I had no wine, no wine.

Sung by Antczakowa (born 1886) from the village of Borzęciczki near Krotoszyn. The manuscript of the song is kept at the Phonographic Collection of the Institute of Art, Polish Academy of Sciences.

Hey, the fiddler needs strings, he needs strings
If we want to ubodać, ubodać
Hey, the music needs playing, it needs playing,
To ubodać the whole year round
Sung by Maria Napierała (born 1878) from the village of Ślubów, Góra Śląska Poviat; from the Phonographic Collection of the Institute of Art, Polish Academy of Sciences, recording number T1312/04


The name podkoziołek refers to both the figurine which was placed beside the tray, where the girls made their donations, and the annual dance party itself. Although the ritual is, indirectly, synchronised with the Catholic liturgical calendar, the podkoziołek figurine itself has nothing to do with religion. Initially, the podkoziołek figurines took the shape of a nude male figure carved out of wood. They usually showed a character endowed with disproportionately large genital organs. Subsequently, however, the figure underwent an evolution that transformed it, or only its head, into a goat (which symbolised male potency, just like the overly accentuated genitalia), hence the name podkoziołek, which might be translated as a sub-goat or a half-goat.

The podkoziołek figurine eventually disappeared and the cash tray was the only ritualistic object left at the party. Likewise, the symbolism of the ritual evolved, too. Whereas dancing in front of a nude male figure was initially meant to magically inspire both the young people’s sexual potency and the nature’s abundant vegetation, it eventually became a mere occasion to enjoy yourself and have fun at the party.

After the Second World War, married men and women began to be allowed in podkoziołek. The custom of finishing the party before midnight was not observed as strictly as it had been before, either. In the meantime, podkoziołek parties travelled to the big cities. Restaurants in the city of Poznań still try to attract their guests by advertising podkoziołek parties. Maria Dąbrowska poetically accounted for podkoziołek in her short story Szklane konie:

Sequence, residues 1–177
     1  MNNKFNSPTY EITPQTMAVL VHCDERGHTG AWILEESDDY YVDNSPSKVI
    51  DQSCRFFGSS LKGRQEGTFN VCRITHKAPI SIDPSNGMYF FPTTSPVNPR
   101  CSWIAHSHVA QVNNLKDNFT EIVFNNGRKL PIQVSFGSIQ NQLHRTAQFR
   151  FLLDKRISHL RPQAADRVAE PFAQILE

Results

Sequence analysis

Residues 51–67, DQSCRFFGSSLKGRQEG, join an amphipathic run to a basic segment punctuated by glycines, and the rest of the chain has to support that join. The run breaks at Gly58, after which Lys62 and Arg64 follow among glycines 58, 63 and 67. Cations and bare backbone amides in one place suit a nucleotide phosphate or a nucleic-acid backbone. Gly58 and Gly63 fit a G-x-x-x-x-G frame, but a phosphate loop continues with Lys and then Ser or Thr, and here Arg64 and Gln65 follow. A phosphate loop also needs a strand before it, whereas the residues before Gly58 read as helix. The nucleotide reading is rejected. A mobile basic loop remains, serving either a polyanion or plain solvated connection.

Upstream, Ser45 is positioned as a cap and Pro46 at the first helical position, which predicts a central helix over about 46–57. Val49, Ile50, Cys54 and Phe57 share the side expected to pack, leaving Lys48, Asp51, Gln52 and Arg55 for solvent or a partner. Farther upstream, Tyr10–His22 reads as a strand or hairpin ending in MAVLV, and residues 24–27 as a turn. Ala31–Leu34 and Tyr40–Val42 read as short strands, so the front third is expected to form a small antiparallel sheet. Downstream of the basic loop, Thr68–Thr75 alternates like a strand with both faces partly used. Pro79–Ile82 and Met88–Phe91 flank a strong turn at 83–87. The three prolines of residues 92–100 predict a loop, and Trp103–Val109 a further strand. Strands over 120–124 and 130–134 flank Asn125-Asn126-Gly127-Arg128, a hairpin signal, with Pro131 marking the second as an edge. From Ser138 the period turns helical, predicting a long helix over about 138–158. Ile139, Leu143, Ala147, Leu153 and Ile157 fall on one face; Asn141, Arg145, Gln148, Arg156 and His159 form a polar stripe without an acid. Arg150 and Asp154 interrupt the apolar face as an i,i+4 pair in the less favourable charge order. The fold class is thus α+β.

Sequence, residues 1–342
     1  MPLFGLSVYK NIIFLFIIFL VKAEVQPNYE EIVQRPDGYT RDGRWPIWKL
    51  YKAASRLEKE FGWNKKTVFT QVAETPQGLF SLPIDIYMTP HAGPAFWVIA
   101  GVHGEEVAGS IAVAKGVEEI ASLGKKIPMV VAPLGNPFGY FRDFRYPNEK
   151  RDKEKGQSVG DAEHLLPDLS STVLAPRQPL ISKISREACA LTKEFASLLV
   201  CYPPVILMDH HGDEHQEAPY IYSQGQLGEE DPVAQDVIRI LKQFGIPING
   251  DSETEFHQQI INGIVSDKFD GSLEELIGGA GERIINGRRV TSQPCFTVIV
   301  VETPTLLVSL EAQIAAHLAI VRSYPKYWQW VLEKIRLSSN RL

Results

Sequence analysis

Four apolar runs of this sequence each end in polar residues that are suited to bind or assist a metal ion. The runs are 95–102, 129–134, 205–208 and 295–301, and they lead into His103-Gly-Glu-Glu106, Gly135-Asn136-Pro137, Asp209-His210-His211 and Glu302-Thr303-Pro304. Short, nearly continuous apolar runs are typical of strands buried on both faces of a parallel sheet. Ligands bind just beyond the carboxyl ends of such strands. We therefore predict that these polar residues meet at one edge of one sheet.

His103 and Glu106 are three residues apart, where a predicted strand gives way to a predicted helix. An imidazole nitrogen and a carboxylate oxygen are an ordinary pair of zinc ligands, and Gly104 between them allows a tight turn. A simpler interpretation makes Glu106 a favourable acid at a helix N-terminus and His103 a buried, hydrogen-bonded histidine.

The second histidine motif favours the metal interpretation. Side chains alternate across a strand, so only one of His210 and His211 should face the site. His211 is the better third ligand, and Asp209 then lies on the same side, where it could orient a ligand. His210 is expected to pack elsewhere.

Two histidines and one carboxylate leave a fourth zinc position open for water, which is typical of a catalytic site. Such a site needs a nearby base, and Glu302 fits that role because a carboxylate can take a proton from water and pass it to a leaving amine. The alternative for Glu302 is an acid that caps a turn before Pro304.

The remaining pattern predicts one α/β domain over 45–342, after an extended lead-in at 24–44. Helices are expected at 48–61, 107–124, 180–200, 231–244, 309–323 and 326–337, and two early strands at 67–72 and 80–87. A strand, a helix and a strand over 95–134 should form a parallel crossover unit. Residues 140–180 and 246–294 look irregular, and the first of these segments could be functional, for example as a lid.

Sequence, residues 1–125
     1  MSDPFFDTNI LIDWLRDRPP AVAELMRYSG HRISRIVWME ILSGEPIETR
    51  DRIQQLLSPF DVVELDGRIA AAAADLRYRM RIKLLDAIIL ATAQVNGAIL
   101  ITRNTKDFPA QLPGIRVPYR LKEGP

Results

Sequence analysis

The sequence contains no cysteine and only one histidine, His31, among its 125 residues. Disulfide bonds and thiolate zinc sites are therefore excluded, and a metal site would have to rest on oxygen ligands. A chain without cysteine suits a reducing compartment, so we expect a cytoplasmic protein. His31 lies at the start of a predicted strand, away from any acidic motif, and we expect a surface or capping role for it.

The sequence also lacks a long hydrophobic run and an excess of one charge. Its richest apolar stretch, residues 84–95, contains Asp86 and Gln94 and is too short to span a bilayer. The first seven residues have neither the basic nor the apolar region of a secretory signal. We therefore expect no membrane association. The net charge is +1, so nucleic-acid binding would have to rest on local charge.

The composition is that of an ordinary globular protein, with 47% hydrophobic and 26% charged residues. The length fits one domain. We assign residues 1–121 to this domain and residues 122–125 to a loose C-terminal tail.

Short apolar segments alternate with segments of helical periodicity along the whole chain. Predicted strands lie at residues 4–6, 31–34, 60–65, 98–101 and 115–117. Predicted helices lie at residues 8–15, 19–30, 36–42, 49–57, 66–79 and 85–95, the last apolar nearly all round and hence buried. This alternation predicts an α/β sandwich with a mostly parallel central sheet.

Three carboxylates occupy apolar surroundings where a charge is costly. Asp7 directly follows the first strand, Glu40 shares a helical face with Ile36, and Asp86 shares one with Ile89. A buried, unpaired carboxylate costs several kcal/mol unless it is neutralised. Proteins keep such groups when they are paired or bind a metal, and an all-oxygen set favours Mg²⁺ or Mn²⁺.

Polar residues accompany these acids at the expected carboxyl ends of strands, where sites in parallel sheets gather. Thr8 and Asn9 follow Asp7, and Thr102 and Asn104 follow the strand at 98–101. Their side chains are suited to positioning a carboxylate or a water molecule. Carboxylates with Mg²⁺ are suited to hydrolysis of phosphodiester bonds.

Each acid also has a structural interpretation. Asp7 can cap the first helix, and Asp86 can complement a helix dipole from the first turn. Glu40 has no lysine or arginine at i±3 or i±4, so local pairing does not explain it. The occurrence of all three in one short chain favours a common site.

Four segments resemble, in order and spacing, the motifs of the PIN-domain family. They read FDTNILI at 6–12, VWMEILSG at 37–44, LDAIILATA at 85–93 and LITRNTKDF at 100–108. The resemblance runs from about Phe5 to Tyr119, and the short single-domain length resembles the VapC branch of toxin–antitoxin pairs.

At Chojnacki’s store (in the big room), there were already drinkers who had come to dress the podkoziołek. They had showered their necks and arms with small bits of paper cuts. On an upturned barrel and a florid plate was a figurine portrayed as a young man adorned with small rods. Paper cut-outs of all colours were flowing from his claw-like hands – the effigy had gilded decorations and well-arranged flowers on its hat. It was jeered by the people circling it, but the scene itself was rather cheerful. It’s glowing, it’s glowing– the boys kept saying, standing in a friendly circle with glasses from which they drank with their heads tilted backwards, as if they were spilling poppy seeds into their mouths […] the drummer gently touched his drum with a brush and tried out the rhythm with a stick until he was ready and the music burst out. The violin, the double bass and the clarinet joined in and the ancient ransom song resounded. Oh the goat must receive, it must receive, if you want to ubodać for another year

Leave a Reply